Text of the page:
Find projected current on sensors

For example I have a source(dipole) in the brain somewhere and i want to see how the current values are received by the EEG/MEG sensors, instead of plotting a 3 D topographic plot of the head which would give me the heat map in red and blue color scheme of where the areas where the sensors pickup the maximum source activity. Is there a way on the MNE where I can get the actual data (the current values projected on to the sensors by the source) and not just the colormap? Where is the value stored ?


Good question. I’d like to find answers to this too

for evoked? contains the numerical values


I don’t fully understand the question. Are you saying you basically have a source estimate or a single dipole, and now want to see how this would be picked up by the sensors? So, doing a forward computation?

You can check out our interactive dipole simulator (may take several minutes to start up, so be patient!).

The source code is available on GitHub

Yes Richard, that’s what I meant. Sorry, I am from Biology background and new to all these technical things so I stumble upon issues every now and then. :smile:

Ok, so… what exactly is the input data you have? Do you have a dipole fit? Or a source estimate?

And if you do … how come you don’t have the corresponding sensor data?

To be really of help, we need more info :slight_smile:

I am working on a Phantom and have a current source, I know the magnitude and the orientation of the actual current source. I want to check what values of current are actually picked by the MEG/ EEG sensors (outside the head) to calculate the chi-square. Where are the values stored? How can I access them.

I saw this on Brainstorm website. Was looking for a way to do it on MNE

I found something like this

What is the stc parameter in my case ( dipoles)? And where exactly are numerical values stored for the sensor currents?

Again, there is not enough information to help you here. What exactly do you have as input? Please share the exact data and a minimal reproducible example of code to allow us to get started and look into a solution for you. Because the approaches differ depending on what you are starting with.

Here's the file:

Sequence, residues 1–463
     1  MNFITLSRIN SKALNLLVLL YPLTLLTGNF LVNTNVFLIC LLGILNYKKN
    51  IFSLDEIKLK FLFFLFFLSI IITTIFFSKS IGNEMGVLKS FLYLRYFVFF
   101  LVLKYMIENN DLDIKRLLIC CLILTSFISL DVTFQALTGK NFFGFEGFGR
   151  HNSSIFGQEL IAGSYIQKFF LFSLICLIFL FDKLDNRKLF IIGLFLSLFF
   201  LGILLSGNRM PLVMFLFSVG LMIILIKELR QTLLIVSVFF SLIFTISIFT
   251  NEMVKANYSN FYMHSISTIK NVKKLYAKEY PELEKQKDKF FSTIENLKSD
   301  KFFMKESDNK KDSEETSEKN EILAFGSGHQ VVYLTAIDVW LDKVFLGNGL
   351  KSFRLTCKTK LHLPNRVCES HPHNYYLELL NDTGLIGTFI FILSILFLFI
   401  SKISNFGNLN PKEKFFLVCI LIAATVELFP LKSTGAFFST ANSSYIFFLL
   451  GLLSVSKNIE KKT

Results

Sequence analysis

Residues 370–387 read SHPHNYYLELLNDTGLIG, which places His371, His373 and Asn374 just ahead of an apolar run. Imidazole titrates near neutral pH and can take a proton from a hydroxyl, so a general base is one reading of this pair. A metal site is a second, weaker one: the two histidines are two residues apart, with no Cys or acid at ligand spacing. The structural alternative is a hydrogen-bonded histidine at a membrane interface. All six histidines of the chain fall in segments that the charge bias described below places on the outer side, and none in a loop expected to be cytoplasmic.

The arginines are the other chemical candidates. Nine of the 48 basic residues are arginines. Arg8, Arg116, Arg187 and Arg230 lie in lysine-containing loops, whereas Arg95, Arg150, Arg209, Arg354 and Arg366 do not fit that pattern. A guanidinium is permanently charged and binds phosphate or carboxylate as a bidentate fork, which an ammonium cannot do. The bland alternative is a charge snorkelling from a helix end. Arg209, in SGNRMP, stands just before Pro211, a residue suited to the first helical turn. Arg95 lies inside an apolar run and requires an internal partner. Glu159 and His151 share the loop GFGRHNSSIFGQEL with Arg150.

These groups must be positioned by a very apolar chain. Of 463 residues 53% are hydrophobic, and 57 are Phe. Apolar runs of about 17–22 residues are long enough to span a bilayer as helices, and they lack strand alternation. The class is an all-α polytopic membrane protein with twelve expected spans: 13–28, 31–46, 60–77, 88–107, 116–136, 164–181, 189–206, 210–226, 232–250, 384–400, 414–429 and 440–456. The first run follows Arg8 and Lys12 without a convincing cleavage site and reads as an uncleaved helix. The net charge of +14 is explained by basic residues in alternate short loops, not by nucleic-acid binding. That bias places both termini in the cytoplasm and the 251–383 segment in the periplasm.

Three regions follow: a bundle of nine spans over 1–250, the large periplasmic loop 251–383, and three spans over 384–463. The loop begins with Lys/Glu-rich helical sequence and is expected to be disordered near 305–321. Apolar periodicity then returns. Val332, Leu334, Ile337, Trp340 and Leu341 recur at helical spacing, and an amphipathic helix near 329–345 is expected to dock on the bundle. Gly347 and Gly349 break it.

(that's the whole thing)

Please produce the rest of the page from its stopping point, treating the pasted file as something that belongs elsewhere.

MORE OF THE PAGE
Btw, MEG and EEG sensors don’t measure currents, so be careful with this phrasing :slight_smile:

I found something like this on the MNE website.

My data is a fif file (MEG recording) and I want to see the projections of the dipole I have fitted in the sensor space as described in the figure above.

My code is here:

import matplotlib
import pathlib
import mne
import mne_bids
import numpy as np

cd  E:\





picks = mne.pick_types(, meg= True, eog=False,
                       stim=False, exclude='bads')

raw.notch_filter(np.arange(60, 241, 60), picks=picks, filter_length='auto',



event_dict={'0': 0,
 '2': 2,
 '4': 4,
 '6': 6,
 '8': 8,
 '10': 10,
 '12': 12,
 '14': 14,
 '16': 16,
 '18': 18,
 '20': 20,
 '22': 22,
 '24': 24,
 '26': 26,
 '28': 28,
 '30': 30,
 '32': 32,
 '34': 34,
 '36': 36,
 '38': 38,
 '40': 40,
 '42': 42,
 '44': 44,
 '46': 46,
 '48': 48,
 '50': 50}

subjects_dir = 'E:\myMRI-20220510T004802Z-001\myMRI'

mne.viz.plot_bem(subject='E:\myMRI-20220510T004802Z-001\myMRI\_my_subject', subjects_dir=subjects_dir,


subject = 'E:\myMRI-20220510T004802Z-001\myMRI\_my_subject'
src = mne.setup_source_space(subject='E:\myMRI-20220510T004802Z-001\myMRI\_my_subject',

conductivity = (0.3, 0.006, 0.3)  # for three layers – used in EEG

model = mne.make_bem_model(subject='E:\myMRI-20220510T004802Z-001\myMRI\_my_subject', ico=4,